Poking around in research about the English/Scottish border in the late 14th century (for the Kate Clifford series), I keep discovering bits and pieces of research that give me shivers of, oh, if only this had been published while I was writing the Margaret Kerr trilogy…. Such as the post: http://www.breakingofbritain.ac.uk/blogs/feature-of-the-month/september-2011-the-guardians-in-1286-and-wallaces-uprising-in-1297/
But I quickly shake off the regret and store up the nuggets for a future project. Who knows when I’ll need it? I had no idea when I starting fiddling with the first Kate Clifford story that I would be revisiting research I began for A Spy for the Redeemer (the machinations of Dame Phillippa’s late husband), which fired my interest in the early years of the Scottish Wars of Independence, which led to the Margaret Kerr books.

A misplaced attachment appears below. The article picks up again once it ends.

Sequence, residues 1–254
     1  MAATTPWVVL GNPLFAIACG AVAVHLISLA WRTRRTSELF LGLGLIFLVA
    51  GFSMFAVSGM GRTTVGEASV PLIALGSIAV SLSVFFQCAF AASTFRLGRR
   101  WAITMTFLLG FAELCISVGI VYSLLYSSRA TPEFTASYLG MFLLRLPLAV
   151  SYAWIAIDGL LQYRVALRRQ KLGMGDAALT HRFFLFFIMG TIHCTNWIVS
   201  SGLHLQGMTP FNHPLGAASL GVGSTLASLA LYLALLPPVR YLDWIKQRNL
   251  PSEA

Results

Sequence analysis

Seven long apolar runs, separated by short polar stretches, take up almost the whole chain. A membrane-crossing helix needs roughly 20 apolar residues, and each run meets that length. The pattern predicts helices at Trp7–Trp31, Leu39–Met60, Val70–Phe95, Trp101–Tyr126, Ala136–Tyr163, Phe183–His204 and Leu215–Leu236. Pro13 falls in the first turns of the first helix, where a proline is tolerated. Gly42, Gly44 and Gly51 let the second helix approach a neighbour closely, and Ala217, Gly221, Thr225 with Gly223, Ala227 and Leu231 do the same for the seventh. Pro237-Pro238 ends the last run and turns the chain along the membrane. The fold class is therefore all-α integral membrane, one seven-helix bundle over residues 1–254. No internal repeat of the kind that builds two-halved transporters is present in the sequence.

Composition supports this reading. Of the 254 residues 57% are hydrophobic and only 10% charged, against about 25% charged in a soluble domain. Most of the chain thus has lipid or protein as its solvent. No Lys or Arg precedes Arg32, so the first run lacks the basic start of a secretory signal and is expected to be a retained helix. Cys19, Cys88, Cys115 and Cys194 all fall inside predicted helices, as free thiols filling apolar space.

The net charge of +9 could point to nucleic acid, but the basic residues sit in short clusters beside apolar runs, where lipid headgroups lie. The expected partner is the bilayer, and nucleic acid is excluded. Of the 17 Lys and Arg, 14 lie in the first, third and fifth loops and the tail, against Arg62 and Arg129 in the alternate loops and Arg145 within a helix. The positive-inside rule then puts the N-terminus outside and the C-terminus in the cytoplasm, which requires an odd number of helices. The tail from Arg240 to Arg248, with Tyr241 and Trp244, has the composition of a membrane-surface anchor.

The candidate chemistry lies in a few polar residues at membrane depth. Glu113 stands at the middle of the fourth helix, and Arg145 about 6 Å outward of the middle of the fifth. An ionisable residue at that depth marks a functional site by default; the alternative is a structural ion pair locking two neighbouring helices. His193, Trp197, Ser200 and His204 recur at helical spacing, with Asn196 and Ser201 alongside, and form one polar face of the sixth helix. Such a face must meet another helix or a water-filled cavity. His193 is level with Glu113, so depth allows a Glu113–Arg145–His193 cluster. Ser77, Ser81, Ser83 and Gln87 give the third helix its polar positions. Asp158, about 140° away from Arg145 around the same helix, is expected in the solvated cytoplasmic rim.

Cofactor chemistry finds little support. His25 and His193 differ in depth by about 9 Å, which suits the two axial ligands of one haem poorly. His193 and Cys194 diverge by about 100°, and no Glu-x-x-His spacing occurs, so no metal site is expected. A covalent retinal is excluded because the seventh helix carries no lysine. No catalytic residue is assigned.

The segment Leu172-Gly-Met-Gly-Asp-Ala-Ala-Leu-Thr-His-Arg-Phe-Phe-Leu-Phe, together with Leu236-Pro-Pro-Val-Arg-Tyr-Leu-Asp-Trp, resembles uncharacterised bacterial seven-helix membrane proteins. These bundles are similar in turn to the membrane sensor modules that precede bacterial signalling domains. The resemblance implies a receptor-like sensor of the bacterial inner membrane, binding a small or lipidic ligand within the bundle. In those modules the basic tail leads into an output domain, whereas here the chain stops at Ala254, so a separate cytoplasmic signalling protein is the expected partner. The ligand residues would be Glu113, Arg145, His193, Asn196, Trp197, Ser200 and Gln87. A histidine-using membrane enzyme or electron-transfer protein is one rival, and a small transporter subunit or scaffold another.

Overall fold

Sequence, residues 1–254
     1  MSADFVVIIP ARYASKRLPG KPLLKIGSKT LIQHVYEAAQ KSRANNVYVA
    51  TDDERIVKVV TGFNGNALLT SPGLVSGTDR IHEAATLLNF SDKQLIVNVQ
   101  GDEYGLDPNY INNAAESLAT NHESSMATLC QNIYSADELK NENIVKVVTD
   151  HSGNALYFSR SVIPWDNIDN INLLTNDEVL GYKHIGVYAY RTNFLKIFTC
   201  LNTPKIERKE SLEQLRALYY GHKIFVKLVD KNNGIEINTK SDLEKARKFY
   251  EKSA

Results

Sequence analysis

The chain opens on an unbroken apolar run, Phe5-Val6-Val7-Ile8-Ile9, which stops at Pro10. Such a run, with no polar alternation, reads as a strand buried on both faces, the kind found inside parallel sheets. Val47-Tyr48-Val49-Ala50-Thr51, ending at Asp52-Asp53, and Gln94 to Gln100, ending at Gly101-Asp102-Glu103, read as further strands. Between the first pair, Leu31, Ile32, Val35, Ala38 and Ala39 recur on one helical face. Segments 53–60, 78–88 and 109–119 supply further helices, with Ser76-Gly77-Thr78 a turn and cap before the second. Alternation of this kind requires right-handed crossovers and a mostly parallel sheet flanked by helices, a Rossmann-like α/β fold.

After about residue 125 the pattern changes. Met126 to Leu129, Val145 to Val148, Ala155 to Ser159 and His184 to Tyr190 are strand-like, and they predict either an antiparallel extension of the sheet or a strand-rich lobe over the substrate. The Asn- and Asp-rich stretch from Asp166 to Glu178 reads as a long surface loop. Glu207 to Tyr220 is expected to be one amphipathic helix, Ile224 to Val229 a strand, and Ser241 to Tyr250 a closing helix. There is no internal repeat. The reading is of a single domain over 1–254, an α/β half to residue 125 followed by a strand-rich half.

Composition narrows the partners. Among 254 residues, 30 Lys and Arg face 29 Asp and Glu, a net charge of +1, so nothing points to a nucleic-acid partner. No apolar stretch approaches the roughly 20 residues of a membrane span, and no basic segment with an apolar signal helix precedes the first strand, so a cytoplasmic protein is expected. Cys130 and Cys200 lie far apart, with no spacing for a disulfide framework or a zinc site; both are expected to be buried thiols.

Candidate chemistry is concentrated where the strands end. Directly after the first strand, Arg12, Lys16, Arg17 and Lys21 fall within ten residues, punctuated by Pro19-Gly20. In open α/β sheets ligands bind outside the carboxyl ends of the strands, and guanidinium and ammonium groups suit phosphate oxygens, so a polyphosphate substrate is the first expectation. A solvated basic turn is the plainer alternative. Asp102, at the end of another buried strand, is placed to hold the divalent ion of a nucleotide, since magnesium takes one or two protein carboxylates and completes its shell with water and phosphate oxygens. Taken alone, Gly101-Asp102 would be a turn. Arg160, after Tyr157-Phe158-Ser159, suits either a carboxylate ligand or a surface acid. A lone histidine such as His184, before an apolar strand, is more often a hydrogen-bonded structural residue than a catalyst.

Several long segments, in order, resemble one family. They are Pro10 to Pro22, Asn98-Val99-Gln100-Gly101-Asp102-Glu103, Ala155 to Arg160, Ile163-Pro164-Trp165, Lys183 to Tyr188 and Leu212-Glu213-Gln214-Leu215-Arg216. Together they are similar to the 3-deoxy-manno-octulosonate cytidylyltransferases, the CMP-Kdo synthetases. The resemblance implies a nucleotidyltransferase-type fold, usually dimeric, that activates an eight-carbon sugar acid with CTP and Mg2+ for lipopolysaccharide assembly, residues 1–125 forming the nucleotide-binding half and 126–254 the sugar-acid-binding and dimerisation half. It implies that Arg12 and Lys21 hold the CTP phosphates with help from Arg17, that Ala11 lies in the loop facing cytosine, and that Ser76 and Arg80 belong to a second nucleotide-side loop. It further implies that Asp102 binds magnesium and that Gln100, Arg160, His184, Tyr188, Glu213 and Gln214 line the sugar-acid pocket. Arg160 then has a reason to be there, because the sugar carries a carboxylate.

Reconsidering this new information, perhaps my only real regret is that I couldn’t incorporate Richard of Lundie’s [possible] change of heart during the Battle of Stirling Bridge. But that would have added an unnecessary subplot.
Most interesting to me is how ideas and information I haven’t revisited in so many years–a dozen?–rush back, flooding me with half-glimpsed scenes as I browse through the literature and flip through my photos from my treks through Scotland and the borders. I smell peat, I hear pipes and drums. And all of this is just to provide glimpses of Kate’s childhood, and the political/social conditions on the northern borders that formed her.